Monday, February 1, 2016
Lou Fontinato was a rugged defenseman who who played for the Guelph Biltmore Mad Hatters in junior hockey for two seasons, including a Memorial Cup championship in 1952.
The 1952 Memorial Cup champion Guelph Biltmore Mad Hatters
Following his junior career, Fontinato joined the Vancouver Canucks of the Western Hockey League in 1952-53. He would play for both the Canucks and the Saskatoon Quakers of the WHL in 1953-54 and then appear for Saskatoon, Vancouver and make his NHL debut with the New York Rangers, for whom he would appear in 28 games, scoring 2 goals and 4 points in 1954-55.
The following season the man named "Leapin' Louie", for his habit of either leaving his feet when he delivered body checks or jumping up and down when protesting penalties called against him, had plenty of chances to leave his feet either way, as he led the NHL in penalty minutes with a new league record when he became the first player to ever top the 200 minute mark with 202, leading Ted Lindsay by over 40 minutes and breaking Red Horner's 20 year old record of 167. He also set a career high that season with 18 points, as offense was clearly not his game.
Fontinato defending the Rangers goal
In 1957-58 he again led the league in penalty minutes with 152 after finishing second the year before.
During the following season Fontinato entered the realm of hockey lore when he was on the receiving end of one of the worst beatings during a fight in the history of the NHL at the hands of tough customer Gordie Howe. While Fontinato was an inch taller than Howe at 6' 1", Howe was thick as a brick and 20 pounds heavier at 205.
During the Rangers game against the Red Wings on this date in 1959, rookie Eddie Shack had been riling up the Red Wings as the Rangers built a 4-1 lead over Detroit. Tiring of his antics, Shack was cut by Howe to the tune of three stitches, which caused Fontinato to warn Howe to "lay off Shack and keep your stick to yourself." Howe and Fontinato already had a history together, as Fontinato had already split Howe's lip and taunted him in a previous game after which Fontinato nearly had his ear taken off by Howe in retaliation later on, as Howe had a reputation for never forgetting and always settling the score no matter how long the wait for the right opportunity.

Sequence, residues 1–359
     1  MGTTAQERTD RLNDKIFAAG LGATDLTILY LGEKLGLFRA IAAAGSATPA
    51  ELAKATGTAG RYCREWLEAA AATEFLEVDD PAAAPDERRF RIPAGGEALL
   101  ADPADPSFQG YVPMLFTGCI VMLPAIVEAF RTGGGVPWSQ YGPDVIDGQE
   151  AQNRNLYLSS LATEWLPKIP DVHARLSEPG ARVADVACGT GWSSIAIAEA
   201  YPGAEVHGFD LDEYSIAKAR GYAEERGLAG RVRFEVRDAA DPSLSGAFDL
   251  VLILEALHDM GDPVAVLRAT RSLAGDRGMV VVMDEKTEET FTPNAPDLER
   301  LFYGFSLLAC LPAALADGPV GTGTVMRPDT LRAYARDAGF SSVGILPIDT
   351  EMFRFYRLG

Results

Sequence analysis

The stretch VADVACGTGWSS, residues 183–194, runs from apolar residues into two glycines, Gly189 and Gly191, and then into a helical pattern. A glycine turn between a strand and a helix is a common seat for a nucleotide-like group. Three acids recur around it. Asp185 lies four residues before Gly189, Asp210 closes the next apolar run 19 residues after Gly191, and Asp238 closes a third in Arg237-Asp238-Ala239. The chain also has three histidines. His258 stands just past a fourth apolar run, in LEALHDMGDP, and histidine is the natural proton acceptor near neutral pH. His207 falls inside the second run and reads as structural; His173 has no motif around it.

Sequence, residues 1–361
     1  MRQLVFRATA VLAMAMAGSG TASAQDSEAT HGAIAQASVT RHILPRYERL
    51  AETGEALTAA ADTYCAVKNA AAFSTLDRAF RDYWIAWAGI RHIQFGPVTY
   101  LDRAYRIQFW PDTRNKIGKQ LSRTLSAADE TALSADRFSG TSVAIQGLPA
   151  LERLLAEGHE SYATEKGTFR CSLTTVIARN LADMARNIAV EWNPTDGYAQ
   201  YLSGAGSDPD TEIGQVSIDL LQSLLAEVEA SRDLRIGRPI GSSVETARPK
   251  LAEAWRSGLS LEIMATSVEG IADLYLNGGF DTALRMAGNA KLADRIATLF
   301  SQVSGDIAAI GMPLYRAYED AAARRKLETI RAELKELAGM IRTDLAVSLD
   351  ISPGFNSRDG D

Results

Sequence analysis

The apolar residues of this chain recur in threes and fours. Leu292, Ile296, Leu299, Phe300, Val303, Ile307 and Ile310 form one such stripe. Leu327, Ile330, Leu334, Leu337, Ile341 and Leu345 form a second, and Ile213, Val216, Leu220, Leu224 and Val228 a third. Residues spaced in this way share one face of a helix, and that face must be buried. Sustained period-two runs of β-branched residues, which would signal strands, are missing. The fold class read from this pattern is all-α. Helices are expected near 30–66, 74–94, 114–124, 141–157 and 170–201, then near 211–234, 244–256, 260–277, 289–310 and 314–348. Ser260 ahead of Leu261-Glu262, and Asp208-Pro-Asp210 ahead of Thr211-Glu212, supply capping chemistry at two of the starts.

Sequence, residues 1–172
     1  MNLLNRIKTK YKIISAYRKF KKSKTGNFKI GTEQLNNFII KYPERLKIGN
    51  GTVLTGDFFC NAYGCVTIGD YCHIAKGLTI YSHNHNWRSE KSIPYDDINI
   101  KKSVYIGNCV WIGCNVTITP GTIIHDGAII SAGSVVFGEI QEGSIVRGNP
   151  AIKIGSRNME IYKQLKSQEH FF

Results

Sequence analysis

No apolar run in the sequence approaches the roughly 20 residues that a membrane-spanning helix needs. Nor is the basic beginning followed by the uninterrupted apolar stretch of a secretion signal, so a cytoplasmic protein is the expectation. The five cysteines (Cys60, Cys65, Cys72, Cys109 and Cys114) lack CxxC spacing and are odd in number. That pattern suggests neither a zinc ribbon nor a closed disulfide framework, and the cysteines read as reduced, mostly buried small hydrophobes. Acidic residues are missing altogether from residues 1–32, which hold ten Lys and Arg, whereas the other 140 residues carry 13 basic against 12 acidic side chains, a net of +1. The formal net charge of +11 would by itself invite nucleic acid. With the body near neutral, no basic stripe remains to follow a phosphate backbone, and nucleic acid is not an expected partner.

When later in the game Shack was in a scrap with Detroit's Red Kelly, Howe joined the fight to help out his teammate Kelly and put Shack in his place when Fontinato came looking for him. Fontinato wasted no time in unleashing a fury of punches on Howe. Unfortunately for Fontinato, Howe remained conscious and was now incensed. He grabbed Fontinato's sweater with one hand and fired back repeatedly with the other. Howe connected with his first punch, which stopped Fontinato in his tracks. Howe's arm was described as "working like a piston" and the sound of his fist hitting Fontinato face again and again in rapid fire made a permanent impression on those who heard it - as well as Fontinato's face - with most descriptions of the blows comparing it to the sound of an axe chopping wood.
Howe and Fontinato during their infamous fight
Detroit's Lefty Wilson was quoted as saying "With every blow you could hear something break - squish, squish. Finally (the Rangers) Andy Bathgate jumped in and stopped it."
A wounded Fontinato is separated from Howe following their fight